Islamic tradition and raised the difficult question of how to reconcile the two, if indeed reconciliation would be possible at all.
The hijab is often seen as a symbol of the oppression of women within Islam, and there have been countless news stories over the years which seem to justify that perception, for example the 15-year old Egyptian girl who rejected the pressures from her family to wear the hijab and shot herself.
In Sudan, 35-year old Amira Osman Hamed may face a whipping if convicted for refusing to wear the hijab, reflecting a policy which rings of the Taliban’s punitive stance on religious principles. The media, with its characteristically sensationalist manner, amplifies these stories to a point where many believe that this is indicative of all Muslims – a world where Islam and extremism are one and the same thing.
A tweet I received some time ago summed up how easily misconceptions about the Muslim world can arise when a person’s knowledge comes from the mainstream media: “Please tell me what middle eastern country allows women the vote, allows them to walk without the burka, or doesn’t stone them?”
Arab women are able to vote in Lebanon, Syria, Egypt, Mauritania, Yemen, Bahrain, Jordan, Yemen, Iraq, Kuwait and elsewhere. A minority of Middle Eastern countries currently use stoning, and while obviously barbaric it is also very rarely employed.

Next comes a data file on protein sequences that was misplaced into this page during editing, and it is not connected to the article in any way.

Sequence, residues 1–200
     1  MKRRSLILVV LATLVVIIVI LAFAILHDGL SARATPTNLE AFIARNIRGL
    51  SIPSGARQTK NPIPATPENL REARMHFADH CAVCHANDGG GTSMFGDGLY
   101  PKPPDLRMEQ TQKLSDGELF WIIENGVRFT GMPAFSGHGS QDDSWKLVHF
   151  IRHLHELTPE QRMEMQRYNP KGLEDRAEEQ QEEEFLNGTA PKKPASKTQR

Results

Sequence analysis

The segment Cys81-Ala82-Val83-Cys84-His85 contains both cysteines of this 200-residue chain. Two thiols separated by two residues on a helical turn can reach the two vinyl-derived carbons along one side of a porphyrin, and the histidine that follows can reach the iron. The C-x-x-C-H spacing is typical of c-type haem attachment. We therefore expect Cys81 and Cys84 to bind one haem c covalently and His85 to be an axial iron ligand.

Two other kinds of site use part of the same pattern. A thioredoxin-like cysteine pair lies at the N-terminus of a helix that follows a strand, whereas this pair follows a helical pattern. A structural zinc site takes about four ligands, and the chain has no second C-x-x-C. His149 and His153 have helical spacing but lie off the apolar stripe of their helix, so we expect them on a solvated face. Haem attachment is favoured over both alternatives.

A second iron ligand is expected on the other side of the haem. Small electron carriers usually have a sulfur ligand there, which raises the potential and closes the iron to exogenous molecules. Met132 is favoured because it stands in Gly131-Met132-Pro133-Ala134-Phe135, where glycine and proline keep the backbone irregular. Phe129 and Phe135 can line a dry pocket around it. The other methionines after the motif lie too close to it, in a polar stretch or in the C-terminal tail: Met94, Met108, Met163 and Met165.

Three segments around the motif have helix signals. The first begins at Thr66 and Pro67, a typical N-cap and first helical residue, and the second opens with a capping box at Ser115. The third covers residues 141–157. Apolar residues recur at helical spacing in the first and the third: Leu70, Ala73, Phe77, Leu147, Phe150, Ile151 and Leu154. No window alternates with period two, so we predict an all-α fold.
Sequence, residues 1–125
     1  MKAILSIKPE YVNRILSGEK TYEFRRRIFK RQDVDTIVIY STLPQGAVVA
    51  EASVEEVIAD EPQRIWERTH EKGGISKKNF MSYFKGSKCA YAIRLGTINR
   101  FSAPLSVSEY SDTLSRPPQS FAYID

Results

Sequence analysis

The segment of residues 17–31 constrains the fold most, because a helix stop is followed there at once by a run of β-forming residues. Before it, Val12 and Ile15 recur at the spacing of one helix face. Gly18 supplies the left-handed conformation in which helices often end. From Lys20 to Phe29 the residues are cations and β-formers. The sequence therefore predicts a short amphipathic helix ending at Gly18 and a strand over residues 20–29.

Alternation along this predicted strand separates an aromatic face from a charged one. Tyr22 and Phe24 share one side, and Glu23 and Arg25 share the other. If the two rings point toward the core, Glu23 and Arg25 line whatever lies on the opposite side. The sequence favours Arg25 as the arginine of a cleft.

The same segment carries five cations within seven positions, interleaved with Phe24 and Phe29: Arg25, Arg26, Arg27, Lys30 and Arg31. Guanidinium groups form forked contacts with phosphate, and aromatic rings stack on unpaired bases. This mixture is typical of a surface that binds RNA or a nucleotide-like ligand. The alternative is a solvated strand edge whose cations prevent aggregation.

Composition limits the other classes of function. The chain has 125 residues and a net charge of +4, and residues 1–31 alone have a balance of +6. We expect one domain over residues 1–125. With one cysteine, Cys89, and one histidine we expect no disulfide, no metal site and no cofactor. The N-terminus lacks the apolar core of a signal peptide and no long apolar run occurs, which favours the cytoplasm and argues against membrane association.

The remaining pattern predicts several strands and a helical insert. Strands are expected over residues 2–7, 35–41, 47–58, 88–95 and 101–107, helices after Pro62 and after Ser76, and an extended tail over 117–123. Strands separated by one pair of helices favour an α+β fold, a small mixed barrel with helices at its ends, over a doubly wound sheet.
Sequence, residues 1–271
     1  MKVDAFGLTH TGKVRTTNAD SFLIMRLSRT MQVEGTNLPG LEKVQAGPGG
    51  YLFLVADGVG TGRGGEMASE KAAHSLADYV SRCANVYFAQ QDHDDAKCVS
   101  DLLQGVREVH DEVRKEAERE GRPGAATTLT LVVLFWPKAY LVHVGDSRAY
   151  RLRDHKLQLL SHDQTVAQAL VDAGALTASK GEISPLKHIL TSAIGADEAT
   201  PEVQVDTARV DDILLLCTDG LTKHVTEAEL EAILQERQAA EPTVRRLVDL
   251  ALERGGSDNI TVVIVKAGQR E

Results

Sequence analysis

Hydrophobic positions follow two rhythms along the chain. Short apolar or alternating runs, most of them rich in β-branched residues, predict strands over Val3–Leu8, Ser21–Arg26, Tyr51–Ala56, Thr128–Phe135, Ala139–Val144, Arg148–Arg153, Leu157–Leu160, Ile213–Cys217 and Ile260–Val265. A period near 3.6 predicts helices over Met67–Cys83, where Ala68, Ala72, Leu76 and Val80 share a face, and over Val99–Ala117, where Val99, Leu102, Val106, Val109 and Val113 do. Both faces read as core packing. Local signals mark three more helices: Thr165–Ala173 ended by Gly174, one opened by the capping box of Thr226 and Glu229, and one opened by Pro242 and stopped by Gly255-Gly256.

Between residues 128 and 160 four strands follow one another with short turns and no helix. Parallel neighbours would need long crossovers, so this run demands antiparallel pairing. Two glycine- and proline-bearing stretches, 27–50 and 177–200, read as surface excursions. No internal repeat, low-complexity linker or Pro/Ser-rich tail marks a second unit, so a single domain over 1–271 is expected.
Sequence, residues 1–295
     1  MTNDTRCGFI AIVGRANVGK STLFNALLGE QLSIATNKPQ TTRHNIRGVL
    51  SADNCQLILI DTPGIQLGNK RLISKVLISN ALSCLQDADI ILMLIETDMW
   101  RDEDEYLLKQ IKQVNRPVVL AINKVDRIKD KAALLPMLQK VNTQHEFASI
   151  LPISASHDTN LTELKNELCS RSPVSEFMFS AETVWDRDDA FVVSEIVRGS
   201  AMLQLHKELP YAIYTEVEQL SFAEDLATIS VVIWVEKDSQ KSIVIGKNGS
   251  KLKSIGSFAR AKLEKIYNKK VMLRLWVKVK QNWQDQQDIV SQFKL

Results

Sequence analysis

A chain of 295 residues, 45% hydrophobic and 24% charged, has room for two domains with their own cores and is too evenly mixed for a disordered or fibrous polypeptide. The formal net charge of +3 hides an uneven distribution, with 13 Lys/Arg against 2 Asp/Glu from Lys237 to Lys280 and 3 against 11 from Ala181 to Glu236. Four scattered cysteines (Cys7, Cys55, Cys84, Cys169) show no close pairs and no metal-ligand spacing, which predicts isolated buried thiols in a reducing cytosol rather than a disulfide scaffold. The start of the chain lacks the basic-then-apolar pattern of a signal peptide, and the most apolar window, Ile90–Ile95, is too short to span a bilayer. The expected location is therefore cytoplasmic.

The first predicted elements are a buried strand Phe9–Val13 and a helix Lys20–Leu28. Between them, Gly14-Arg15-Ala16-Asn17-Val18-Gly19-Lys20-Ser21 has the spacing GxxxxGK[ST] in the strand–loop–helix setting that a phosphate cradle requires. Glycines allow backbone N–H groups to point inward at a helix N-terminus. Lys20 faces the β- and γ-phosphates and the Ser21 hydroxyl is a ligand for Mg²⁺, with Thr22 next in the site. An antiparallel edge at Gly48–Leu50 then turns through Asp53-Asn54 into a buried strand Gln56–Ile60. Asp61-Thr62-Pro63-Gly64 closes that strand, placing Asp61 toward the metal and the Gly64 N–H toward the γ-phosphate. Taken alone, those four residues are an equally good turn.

Overall rates of execution in the Middle East are considerably lower than America, where the death penalty is still endorsed by much of the population despite numerous cases of the execution of people wrongly convicted.
As for the idea that women are forced to wear the burka in public across the region, in some Middle Eastern nations it is actually prohibited, a sign of a growing secularism which views the garment as a symbol of fundamentalist Islam largely rejected by the population.
Nevertheless, the simplistic view of Islam as a religion of oppression and extremism inevitably becomes embedded in the psyche of many people in the West who, with little or no first hand experience of Muslims and their traditions and fed on a diet of “Islamofascist” terrorism propaganda, develop a misguided hatred of the Islamic world and bigotry towards Muslims.
Fear of the unknown leads to irrational hostility and intolerance, and concepts such as multiculturalism become a tinderbox from which endless protracted debates on cultural integration versus cultural assimilation flare up and invariably spiral out of control.
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